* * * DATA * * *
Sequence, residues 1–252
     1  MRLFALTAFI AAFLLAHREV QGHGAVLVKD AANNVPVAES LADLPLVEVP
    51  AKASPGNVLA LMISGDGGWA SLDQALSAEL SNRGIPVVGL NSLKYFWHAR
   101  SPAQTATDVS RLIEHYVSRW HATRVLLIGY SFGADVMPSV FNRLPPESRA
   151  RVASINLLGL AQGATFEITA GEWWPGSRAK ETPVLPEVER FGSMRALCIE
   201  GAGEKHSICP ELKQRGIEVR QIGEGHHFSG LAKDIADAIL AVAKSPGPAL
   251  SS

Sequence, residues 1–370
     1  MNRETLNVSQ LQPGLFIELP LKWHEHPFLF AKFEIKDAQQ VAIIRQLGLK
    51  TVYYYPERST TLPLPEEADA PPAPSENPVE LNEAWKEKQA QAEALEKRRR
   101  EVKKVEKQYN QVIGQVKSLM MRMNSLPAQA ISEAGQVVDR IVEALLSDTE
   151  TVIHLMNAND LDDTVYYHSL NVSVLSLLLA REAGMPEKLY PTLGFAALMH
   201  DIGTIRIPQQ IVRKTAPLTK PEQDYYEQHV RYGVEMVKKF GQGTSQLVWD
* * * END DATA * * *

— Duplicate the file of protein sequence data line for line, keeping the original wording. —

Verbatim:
Sequence, residues 1–252
     1  MRLFALTAFI AAFLLAHREV QGHGAVLVKD AANNVPVAES LADLPLVEVP
    51  AKASPGNVLA LMISGDGGWA SLDQALSAEL SNRGIPVVGL NSLKYFWHAR
   101  SPAQTATDVS RLIEHYVSRW HATRVLLIGY SFGADVMPSV FNRLPPESRA
   151  RVASINLLGL AQGATFEITA GEWWPGSRAK ETPVLPEVER FGSMRALCIE
   201  GAGEKHSICP ELKQRGIEVR QIGEGHHFSG LAKDIADAIL AVAKSPGPAL
   251  SS

Sequence, residues 1–370
     1  MNRETLNVSQ LQPGLFIELP LKWHEHPFLF AKFEIKDAQQ VAIIRQLGLK
    51  TVYYYPERST TLPLPEEADA PPAPSENPVE LNEAWKEKQA QAEALEKRRR
   101  EVKKVEKQYN QVIGQVKSLM MRMNSLPAQA ISEAGQVVDR IVEALLSDTE
   151  TVIHLMNAND LDDTVYYHSL NVSVLSLLLA REAGMPEKLY PTLGFAALMH
   201  DIGTIRIPQQ IVRKTAPLTK PEQDYYEQHV RYGVEMVKKF GQGTSQLVWD